Rep. Frank Pallone yesterday criticized a Trump administration proposal to bolster the economically struggling nuclear and coal sectors by paying them more for electricity produced by their plants.
In a hearing in Washington, the ranking Democrat on the House Energy and Commerce Committee told Energy Secretary Rick Perry his proposal to prop up coal and nuclear units to enhance grid reliability would upend competitive energy markets at the expense of consumers.
“You are distorting the market, damaging the environment, and delivering preferential treatment to favored industries,’’ Pallone said in prepared remarks. “At the end of the day, killing off competitive electricity markets just to save generation assets that are no long economical will lead to higher prices for consumers.’’
The issues raised by Perry’s proposal, now pending before the Federal Energy Regulatory Commission, are important because they reflect concerns of Public Service Enterprise Group, which operates three nuclear units in South Jersey. They face economic pressure because they are finding it difficult to compete with cheaper natural gas plants.
PSEG is engaged in an extensive lobbying campaign in New Jersey, in Washington, D.C., and before PJM Interconnection, the operator of the nation’s largest power grid. It is seeking added financial compensation for electricity produced by its nuclear plants.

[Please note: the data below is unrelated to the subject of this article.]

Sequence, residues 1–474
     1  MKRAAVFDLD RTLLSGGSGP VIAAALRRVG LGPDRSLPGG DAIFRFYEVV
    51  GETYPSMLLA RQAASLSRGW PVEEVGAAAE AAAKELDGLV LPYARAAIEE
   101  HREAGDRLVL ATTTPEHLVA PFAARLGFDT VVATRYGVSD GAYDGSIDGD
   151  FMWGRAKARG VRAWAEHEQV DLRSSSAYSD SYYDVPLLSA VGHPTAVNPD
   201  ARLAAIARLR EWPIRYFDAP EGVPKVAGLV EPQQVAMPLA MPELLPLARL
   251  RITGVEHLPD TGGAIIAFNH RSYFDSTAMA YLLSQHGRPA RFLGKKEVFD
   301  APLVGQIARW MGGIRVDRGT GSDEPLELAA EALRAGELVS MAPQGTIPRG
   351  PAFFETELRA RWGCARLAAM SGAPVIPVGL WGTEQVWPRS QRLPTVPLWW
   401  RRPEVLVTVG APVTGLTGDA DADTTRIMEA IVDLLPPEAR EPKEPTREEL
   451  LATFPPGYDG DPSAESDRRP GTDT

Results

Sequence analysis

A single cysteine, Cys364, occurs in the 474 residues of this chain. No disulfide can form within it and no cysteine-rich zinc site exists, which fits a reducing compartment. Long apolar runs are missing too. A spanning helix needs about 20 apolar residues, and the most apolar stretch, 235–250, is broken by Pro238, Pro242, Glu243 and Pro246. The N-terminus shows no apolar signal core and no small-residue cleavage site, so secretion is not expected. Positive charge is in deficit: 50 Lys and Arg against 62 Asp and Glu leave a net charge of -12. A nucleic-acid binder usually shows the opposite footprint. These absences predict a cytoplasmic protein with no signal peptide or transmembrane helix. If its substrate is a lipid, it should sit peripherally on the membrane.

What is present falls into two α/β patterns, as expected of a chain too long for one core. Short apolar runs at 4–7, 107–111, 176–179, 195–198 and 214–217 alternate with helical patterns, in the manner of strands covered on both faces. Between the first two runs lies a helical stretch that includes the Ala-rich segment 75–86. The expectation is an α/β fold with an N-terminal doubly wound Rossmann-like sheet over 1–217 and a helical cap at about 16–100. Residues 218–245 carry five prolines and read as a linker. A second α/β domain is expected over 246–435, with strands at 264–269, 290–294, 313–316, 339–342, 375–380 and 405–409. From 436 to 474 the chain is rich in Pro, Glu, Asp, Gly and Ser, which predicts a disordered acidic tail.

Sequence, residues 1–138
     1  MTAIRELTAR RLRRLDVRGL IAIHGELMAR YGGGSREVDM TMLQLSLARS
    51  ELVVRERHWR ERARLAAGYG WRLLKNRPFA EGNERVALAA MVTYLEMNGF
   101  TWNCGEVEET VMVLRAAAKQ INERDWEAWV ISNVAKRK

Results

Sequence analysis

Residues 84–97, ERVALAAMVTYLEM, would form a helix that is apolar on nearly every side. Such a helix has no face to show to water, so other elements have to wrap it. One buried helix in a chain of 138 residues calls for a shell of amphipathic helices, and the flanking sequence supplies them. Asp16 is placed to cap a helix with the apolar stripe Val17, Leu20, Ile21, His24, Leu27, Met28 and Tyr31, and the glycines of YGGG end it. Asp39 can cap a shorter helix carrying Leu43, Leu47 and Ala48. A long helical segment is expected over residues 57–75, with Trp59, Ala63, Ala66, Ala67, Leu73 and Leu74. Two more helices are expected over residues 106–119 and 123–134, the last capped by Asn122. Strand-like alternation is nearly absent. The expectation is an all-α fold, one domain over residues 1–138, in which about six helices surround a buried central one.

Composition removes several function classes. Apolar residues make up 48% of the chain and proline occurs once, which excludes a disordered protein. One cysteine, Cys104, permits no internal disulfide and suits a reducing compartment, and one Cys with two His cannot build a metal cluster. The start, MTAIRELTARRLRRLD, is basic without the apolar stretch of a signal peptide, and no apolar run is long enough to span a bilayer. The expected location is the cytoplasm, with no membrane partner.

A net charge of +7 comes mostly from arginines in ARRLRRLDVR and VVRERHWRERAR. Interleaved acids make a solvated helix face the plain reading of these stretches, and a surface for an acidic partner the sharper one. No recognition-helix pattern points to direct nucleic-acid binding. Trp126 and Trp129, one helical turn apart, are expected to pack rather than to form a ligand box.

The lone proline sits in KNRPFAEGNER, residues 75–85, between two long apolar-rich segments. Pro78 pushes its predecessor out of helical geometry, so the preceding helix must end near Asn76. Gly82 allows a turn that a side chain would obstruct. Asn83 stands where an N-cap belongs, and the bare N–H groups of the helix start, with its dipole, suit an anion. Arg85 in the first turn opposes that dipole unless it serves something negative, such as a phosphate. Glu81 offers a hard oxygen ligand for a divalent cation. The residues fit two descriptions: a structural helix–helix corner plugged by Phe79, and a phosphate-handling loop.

The company has threatened to close the plants if the units turn unprofitable, saying their closure would likely increase prices for consumers to replace the power they provide. Nearly half of the state’s electricity comes from nuclear power.
About a half-dozen nuclear plants have shut down in recent years, and many more coal units have been retired, including two in New Jersey operated by PSEG this past summer. Two states have adopted new financial incentives funded by ratepayers to keep nuclear units afloat in Illinois and New York.
The proposal before FERC would give higher payments to power plants that produce electricity all the time and reliably, and have 90 days of fuel on site. Perry has argued current energy markets are not accurately pricing the value of those baseload generating facilities.
Pallone said the proposal, however, has serious flaws. He accused the administration of abusing its regulatory authority “to pick winners and losers.’’ The representative argued this is a policy matter that should be left to Congress and the states.
The proposal, opposed by many environmental groups and other segments of the power sector, is expected to be acted on by FERC this fall.